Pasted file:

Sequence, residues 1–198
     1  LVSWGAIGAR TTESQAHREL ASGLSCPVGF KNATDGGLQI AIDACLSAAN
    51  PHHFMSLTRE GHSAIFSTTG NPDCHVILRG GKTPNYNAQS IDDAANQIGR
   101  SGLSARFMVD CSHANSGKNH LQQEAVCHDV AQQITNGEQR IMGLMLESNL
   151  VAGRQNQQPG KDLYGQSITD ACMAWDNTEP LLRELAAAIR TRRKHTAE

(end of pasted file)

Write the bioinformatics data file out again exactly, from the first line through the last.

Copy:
Sequence, residues 1–198
     1  LVSWGAIGAR TTESQAHREL ASGLSCPVGF KNATDGGLQI AIDACLSAAN
    51  PHHFMSLTRE GHSAIFSTTG NPDCHVILRG GKTPNYNAQS IDDAANQIGR
   101  SGLSARFMVD CSHANSGKNH LQQEAVCHDV AQQITNGEQR IMGLMLESNL
   151  VAGRQNQQPG KDLYGQSITD ACMAWDNTEP LLRELAAAIR TRRKHTAE